The essays share a common theme: no matter how many knee bends Klein does at barre class or how many gauzy tops she buys at Anthropologie (which she sincerely loves), she can't change her essential nature. At heart she belongs to the tribe of wolves, as opposed to poodles; like their canine counterparts, the two share some DNA, but poodles, she explains, are "magical lovely women who inherently radiate femininity." It's not about beauty: "There are millions of beautiful wolf women out there. It's how much of the beauty feels like work, like maintenance," she writes. "I often wonder, if I would wave a wand and magically transform myself from a wolf to a poodle, would I? Most of me says no. . . . My whole life is about trying, about speaking up in order to be seen, about howling with laughter or howling out how I see the world. But there is another part of me that immediately yells, Yes, I would give anything to feel that poodle confidence, to feel comfortable as a woman."

Are poodles actually confident that they've mastered the unwritten rules of womanhood? I wondered. I hoped Klein would find a poodle and ask her for me and then analyze her response. It is such an interesting question, how some women manage to perform femininity more naturally than others. And does a successful performance require shrinking rather than growing? But instead, as she does in the "tom man" essay and almost every other piece in the book, Klein ends a few sentences after arriving at the main point, leaving me with no answers to all the questions she just raised, only a new way to identify myself. (I too am a wolf, I too am not a bit tamed, although I have been known to shop at Anthropologie.)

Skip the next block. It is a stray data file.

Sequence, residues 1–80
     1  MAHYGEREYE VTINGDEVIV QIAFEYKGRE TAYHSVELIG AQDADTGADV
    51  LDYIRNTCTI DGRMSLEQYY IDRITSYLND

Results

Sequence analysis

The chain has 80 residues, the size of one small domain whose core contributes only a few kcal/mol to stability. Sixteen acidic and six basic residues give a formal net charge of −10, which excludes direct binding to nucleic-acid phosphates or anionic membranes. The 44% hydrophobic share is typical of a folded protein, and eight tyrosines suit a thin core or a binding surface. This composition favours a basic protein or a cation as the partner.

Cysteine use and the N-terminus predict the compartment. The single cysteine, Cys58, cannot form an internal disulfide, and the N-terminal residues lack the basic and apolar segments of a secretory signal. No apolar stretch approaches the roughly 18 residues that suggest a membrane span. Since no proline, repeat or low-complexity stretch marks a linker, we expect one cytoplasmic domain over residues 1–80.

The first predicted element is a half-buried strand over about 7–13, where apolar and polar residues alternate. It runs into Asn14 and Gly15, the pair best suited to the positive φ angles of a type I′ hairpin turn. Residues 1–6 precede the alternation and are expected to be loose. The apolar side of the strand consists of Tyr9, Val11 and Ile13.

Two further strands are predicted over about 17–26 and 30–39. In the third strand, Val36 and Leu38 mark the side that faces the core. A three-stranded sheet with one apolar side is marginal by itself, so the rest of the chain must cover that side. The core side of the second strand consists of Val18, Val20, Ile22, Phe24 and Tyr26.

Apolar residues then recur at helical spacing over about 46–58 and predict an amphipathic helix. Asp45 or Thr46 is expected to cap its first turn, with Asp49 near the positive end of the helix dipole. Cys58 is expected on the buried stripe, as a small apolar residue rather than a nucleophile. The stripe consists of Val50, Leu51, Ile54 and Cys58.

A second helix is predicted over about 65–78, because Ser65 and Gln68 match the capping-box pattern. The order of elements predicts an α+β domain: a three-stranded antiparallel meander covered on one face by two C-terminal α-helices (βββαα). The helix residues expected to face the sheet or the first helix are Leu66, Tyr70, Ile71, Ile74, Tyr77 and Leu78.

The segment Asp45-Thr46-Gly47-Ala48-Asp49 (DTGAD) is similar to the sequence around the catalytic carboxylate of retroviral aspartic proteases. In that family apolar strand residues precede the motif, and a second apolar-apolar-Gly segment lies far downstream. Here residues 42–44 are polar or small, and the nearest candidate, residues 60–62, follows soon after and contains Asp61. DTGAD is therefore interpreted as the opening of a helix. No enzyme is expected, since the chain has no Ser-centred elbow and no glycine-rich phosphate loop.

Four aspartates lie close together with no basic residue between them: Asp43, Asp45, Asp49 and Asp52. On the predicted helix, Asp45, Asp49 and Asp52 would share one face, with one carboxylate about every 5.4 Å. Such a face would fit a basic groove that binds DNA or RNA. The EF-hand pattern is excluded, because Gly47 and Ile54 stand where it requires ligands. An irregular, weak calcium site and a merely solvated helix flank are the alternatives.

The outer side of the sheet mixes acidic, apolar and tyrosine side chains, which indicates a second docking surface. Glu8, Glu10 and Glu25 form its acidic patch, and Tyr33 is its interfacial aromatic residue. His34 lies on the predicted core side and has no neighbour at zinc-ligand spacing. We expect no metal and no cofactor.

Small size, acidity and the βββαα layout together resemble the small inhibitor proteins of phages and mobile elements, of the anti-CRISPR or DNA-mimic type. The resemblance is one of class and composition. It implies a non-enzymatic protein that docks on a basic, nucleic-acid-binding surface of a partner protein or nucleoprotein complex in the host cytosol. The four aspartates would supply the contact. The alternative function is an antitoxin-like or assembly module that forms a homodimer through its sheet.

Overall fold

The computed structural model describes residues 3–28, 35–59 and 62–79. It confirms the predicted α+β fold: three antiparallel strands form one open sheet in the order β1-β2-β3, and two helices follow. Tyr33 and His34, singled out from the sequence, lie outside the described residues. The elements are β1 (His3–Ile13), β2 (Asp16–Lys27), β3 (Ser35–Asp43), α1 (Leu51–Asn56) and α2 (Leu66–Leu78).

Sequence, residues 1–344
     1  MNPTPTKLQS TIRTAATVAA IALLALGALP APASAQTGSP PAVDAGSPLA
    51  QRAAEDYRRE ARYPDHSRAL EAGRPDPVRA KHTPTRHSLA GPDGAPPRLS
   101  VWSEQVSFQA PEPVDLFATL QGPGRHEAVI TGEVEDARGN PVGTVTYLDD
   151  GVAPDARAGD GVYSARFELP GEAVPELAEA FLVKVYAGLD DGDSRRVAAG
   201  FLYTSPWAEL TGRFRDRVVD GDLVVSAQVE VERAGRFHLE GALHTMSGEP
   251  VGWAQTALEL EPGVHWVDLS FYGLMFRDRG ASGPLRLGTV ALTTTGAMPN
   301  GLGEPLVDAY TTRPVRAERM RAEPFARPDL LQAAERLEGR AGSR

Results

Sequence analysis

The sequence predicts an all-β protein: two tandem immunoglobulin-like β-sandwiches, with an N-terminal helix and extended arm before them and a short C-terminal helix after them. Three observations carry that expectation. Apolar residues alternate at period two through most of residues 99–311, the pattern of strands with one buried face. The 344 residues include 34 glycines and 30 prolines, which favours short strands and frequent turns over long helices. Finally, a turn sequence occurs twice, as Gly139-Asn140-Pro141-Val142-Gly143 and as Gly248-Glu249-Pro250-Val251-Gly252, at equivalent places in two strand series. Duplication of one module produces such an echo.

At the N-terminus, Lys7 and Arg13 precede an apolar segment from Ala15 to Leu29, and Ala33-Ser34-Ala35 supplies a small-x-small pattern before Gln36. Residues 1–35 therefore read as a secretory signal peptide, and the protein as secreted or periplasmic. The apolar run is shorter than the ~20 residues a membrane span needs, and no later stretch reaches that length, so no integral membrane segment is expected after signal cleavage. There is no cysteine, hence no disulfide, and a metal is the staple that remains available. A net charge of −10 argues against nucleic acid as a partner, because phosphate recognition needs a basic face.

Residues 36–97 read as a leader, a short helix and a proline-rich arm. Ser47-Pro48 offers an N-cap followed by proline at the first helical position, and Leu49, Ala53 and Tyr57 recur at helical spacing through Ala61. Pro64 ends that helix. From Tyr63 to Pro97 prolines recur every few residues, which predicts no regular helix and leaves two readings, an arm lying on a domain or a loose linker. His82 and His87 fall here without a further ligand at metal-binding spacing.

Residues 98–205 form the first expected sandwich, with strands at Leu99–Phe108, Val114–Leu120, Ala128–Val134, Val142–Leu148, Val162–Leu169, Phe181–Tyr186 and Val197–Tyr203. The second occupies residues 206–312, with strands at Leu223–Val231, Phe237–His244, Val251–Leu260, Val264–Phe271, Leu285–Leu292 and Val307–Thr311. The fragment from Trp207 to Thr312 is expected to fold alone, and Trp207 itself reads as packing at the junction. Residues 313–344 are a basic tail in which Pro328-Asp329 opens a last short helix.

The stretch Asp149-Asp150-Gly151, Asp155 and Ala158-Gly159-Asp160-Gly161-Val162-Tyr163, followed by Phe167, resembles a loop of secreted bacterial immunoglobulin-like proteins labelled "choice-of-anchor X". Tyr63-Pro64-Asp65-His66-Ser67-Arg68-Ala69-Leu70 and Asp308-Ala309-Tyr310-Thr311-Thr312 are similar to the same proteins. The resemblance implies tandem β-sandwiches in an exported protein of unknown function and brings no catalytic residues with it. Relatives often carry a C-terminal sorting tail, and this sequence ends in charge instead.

It's true Klein is a comedian, not a gender theorist, and it's possible she's approaching essays like an improv performer, setting the scene and doing a few riffs before handing it off to the reader to continue the line of thought on her own with a "yes, and." It's like the beginning of a beautiful all-day Gchat conversation. On a sentence level, her writing is hilarious and smart, sometimes even brilliant.

But the underlying feature of the book as a whole is laziness, as though Klein squeezed in writing the chapters between her many other responsibilities. The riffs alternate with more personal stories about bad boyfriends, trips to spas, and the agonies of waiting for a marriage proposal and or a pregnancy. These are arranged according to no particular logic: the infertility piece, for instance, is completely devoid of suspense because the essay immediately before it is called "Get the Epidural" and the one before that is, in part, about breast pumping at the Emmys. (This is, it must be said, close to the ultimate in wolfishness.) I so wish someone, either Klein or her editor, had put more care into the whole project and let some of those brilliant ideas develop from quick observations to genuine reflections on the state of being a woman. But even for an idea, growing up is hard.  v